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When the Banks Say You’re High-Risk

author headshot Written By: Mike Conway (Platinum Partner, ChargebackHelp)
Category: Customer Experience

Contributed by Platinum SUBTA Resource Partner, ChargebackHelp

High-risk businesses aren’t necessarily “bad” business. On the contrary, if handled right, a high-risk business can mean high profits for everyone involved—the bank, processors, and the merchants themselves. High-risk merchants have superior access to global markets and unlimited processing. If we look at what makes you high-risk, you can see where to mitigate the drawbacks and maximize the designation returns.

Why are some businesses labeled high risk?

Numerous factors will qualify a merchant as “high-risk.” While merchants can be identified as high-risk, due to their business or clientele’ nature, they can also earn this label with poor business practices. Nevertheless, banks assess risk from four main factors: your industry, your company, your billing model, and your processing volume.

Your Industry

Banks look at the collective processing history of the businesses in your vertical: how many refunds/ chargebacks, how much fraud, etc. Particularly if you’re new to the business, this gives banks a baseline for how much risk they can expect from you without much processing history. These assessments by vertical are known as “Merchant Categories” and are identified by merchant category codes or MCCs. You can find your industry, its respective code, and risk designation here.

Your Financials

Whether you’ve been operating in your vertical or any other, the banks will have a look at you. After all, the merchant account is undersigned by you, not by your business entity, so that’s the history they look at. They’ll also look at your current business’s position: debt to equity, your burn rate, and your overall profitability, etc. In this regard, it’s the same as when you apply for a line of credit; they look at both you and your business.

Your Billing Model

The banks also want to know about the kind of transactions you’ll be processing. Card-present transactions are lowest in risk while card-not-present (CNP) transactions get progressively riskier. Subscriptions or recurring billing are considered some of the highest risk. Annual billing is of particular interest to the banks. In the case that you sell an annual package in January and go out of business in March, they’ll need a contingency to limit their liability.

Your Processing Volume

Banks, and especially card associations, are also interested in how much processing you’ll do. They have created a sliding scale of risk based on the number of annual transactions you send:

  • Level 1: Over 6 million transactions (highest risk)
  • Level 2: 1 million to 6 million
  • Level 3: 20,000 to 1 million
  • Level 4: Under 20,000 (lowest risk)

Again, like your financials, they look at all your businesses combined.

Other factors that can label your business high-risk

The manner in which you run your business might place you in the “high risk” category. Here are additional factors that make your business high-risk:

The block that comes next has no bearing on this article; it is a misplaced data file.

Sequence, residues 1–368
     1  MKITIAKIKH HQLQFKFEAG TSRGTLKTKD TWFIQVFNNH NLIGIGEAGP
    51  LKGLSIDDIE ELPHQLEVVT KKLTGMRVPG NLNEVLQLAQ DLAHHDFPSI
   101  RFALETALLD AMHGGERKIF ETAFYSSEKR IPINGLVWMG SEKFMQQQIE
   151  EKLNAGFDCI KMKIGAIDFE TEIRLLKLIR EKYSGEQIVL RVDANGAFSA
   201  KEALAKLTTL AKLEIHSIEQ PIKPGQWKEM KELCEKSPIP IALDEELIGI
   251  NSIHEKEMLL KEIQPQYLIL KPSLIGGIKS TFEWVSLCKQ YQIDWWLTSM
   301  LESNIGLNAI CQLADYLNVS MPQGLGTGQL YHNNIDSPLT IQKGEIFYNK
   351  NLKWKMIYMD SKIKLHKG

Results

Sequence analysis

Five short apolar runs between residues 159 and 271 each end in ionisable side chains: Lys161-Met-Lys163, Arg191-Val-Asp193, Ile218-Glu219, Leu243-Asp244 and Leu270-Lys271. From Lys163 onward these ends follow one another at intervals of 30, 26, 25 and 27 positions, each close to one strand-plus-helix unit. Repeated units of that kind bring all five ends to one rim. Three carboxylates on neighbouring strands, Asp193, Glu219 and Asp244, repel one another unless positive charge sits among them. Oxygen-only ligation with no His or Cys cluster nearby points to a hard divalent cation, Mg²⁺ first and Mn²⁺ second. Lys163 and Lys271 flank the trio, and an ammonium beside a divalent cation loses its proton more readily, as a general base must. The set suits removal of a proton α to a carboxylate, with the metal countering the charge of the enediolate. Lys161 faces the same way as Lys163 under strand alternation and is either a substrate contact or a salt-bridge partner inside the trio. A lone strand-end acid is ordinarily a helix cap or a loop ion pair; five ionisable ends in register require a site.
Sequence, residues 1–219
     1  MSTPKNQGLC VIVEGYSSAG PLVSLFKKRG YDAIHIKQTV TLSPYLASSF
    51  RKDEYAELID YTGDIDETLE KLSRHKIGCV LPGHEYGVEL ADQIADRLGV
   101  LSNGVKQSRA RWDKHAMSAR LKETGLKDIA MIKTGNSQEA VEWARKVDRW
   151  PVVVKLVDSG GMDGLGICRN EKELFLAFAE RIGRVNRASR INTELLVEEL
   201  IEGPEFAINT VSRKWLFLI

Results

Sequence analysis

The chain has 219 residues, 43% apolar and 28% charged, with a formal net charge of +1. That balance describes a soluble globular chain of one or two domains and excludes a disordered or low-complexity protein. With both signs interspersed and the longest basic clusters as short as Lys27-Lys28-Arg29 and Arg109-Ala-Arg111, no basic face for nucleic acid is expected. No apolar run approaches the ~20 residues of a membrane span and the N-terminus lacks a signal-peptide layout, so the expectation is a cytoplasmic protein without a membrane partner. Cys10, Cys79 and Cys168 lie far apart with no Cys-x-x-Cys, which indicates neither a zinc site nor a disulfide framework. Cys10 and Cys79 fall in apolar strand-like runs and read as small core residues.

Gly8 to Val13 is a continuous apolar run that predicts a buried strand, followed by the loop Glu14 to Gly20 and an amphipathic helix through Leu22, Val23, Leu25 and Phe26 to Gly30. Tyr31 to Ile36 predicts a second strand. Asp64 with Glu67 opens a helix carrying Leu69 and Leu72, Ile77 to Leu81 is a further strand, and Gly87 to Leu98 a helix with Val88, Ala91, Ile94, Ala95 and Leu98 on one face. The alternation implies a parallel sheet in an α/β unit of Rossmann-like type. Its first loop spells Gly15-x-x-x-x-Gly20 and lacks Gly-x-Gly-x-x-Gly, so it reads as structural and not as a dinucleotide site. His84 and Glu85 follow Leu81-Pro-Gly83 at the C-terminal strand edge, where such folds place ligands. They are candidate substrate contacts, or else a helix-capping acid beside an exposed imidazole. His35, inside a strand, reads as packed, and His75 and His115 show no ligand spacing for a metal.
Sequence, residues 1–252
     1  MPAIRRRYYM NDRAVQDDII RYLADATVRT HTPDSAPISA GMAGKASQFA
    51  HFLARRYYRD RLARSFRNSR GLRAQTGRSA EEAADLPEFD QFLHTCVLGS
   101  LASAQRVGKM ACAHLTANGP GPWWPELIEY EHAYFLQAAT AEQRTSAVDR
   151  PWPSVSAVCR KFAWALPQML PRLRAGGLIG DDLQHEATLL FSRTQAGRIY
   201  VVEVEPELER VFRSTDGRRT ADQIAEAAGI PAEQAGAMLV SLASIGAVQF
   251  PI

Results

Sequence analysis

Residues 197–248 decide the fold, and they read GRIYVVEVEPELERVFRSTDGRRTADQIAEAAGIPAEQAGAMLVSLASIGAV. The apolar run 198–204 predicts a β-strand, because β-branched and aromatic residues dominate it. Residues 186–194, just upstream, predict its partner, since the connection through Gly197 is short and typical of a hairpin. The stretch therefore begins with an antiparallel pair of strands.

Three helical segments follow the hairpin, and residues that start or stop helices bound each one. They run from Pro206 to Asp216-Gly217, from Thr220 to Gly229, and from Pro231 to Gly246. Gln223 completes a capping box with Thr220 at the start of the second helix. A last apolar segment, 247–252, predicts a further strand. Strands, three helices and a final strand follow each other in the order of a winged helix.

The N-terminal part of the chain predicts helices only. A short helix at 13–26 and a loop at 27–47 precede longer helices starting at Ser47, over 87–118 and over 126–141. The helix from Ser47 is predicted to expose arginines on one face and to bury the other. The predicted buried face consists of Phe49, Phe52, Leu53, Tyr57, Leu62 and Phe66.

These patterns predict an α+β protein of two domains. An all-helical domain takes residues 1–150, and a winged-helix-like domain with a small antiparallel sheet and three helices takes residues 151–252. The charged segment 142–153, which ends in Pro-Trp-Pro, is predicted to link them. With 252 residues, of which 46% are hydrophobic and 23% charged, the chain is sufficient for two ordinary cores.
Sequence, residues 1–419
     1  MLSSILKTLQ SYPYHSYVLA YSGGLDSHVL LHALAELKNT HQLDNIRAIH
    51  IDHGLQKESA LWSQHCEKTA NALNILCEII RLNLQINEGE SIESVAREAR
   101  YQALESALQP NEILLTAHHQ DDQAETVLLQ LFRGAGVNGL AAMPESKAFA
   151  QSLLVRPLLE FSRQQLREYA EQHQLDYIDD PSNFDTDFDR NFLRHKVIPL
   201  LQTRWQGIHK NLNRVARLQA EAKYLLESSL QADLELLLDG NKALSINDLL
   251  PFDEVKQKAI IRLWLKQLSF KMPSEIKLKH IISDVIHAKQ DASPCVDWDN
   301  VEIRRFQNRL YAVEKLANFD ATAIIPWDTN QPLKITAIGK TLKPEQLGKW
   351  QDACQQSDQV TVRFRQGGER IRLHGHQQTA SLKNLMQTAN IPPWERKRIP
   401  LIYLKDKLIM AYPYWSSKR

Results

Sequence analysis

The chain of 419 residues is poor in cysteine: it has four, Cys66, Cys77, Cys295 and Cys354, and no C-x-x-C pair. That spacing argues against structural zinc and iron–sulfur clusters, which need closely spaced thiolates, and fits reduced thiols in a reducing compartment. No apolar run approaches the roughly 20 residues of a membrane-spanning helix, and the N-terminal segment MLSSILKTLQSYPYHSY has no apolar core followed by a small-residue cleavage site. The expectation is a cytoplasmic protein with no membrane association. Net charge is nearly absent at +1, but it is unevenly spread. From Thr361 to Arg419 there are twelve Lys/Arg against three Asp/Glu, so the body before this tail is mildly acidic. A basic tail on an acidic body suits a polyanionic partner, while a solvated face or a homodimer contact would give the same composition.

• Businesses that have previously lost processing because of excessive chargebacks or on the TMF (terminated merchant file)
  • Businesses with little or no credit card processing history
  • Poor credit history
  • Businesses operating abroad or with countries that have a high chargeback risk (almost everywhere except the US, Canada, European Union, Australia, European Union, South Korea, Japan, and Singapore)
  • Multi-currency businesses

There are a limited number of banks that specialize in high-risk business accounts for these. The contracts and fees of these businesses are even more rigorous.

What are the high-risk products?

As explained above, the products and services a business offers are among the most important factors that place it in a high-risk category. Products and industries that are automatically flagged as high-risk by processors include:

  • Online gambling, casinos, and gaming
  • Telemarketing, VOIP, calling cards
  • Online medication providers, nutraceuticals, drug stores
  • Adult entertainment (materials, products, or services), dating services
  • Accommodations, travel, airplane tickets, ticketing agents
  • Cryptocurrencies or foreign exchange trading
  • Magazines and other subscriptions
  • E-cigarettes
  • Timeshares
  • Computer hardware and software
What being high-risk means

As you can see, the banks do a high degree of diligence to determine your risk profile, so heed their designation. They’re looking at empirical data on how and where you’re conducting business, so you don’t have much wiggle room. Ensure your billing model is optimum for your business. Try not to run too much debt. But more importantly, if you’re in a high-risk industry, you face that risk as much as the bank does.

What you can do

Make sure your processing is PCI-compliant and 3D Secure. PCI compliance is a standard of best-practices set by credit card companies. 3DS means the cardholder’s issuing bank handles the authentication process in a transaction. Always verify billing addresses and CVV codes in your gateway. Make sure you’re working with reliable and reputable merchant services. And of course, you should keep your chargeback ratios as low a possible through chargeback management.

High-risk merchants can’t undo their risk designation, but they can manage that risk responsibly. If you have any questions about how to mitigate your risk profile better, ChargebackHelp can help. We specialize in getting merchants the processing solutions they seek. Visit us at https://chargebackhelp.com or go old-school and call us 1.888.821.5302.

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Written by Mike Conway – Director of Marketing and Communications, ChargebackHelp
Learn more at https://chargebackhelp.com/

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